US20120064770 *Nov 22, 2011Mar 15, 2012Adc Telecommunications, Inc.Overvoltage protection plug
US20130010395 *Mar 24, 2011Jan 10, 2013Phoenix Contact Gmbh & Co. KgOvervoltage protection device
Classifications
U.S. Classification361/119
International ClassificationH02H9/04
Cooperative ClassificationH04Q2201/14, H04Q1/146, H01T4/06
European ClassificationH01T4/06, H04Q1/14P
Legal Events
DateCodeEventDescription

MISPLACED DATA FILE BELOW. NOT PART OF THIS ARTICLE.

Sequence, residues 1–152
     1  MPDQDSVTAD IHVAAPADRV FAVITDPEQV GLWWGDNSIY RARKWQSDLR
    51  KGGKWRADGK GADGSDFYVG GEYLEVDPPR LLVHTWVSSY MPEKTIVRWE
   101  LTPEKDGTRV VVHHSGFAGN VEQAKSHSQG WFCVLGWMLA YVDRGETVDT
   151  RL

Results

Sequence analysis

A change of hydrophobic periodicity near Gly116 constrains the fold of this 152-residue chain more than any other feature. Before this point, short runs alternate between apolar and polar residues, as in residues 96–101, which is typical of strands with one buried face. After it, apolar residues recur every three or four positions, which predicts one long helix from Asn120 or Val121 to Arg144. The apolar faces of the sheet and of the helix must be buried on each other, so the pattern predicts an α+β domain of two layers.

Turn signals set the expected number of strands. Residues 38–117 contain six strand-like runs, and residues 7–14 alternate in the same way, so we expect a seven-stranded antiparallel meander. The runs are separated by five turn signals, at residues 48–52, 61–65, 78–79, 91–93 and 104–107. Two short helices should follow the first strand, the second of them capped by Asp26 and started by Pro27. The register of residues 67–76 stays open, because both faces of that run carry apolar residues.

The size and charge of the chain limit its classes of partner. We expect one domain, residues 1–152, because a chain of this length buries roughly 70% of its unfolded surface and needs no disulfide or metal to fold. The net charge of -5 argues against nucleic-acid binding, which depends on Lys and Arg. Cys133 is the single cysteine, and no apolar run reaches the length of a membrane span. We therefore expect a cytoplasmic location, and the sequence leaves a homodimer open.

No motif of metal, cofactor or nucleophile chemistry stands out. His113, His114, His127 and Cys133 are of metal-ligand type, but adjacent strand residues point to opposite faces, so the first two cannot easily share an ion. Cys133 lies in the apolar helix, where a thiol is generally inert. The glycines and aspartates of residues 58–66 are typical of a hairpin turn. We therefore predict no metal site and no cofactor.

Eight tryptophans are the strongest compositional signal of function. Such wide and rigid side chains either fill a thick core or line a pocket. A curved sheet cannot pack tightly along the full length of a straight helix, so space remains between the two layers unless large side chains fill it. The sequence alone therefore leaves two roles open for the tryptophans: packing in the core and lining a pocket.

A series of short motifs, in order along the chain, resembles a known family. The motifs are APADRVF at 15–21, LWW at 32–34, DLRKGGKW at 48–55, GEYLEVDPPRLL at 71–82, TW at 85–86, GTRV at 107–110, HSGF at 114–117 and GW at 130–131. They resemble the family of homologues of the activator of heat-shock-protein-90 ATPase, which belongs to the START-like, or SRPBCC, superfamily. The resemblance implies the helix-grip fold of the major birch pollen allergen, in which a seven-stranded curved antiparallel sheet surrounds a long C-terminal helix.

Jan 22, 2014FPAYFee payment
Year of fee payment: 4
Nov 9, 2010CCCertificate of correction
Jul 23, 2008ASAssignment
Owner name: 3M INNOVATIVE PROPERTIES COMPANY, MINNESOTA
Free format text: ASSIGNMENT OF ASSIGNORS INTEREST;ASSIGNORS:METRAL, GUY;BARTHES, GUY J.;REEL/FRAME:021279/0640;SIGNING DATES FROM 20080715 TO 20080717
Free format text: ASSIGNMENT OF ASSIGNORS INTEREST;ASSIGNORS:METRAL, GUY;BARTHES, GUY J.;SIGNING DATES FROM 20080715 TO 20080717;REEL/FRAME:021279/0640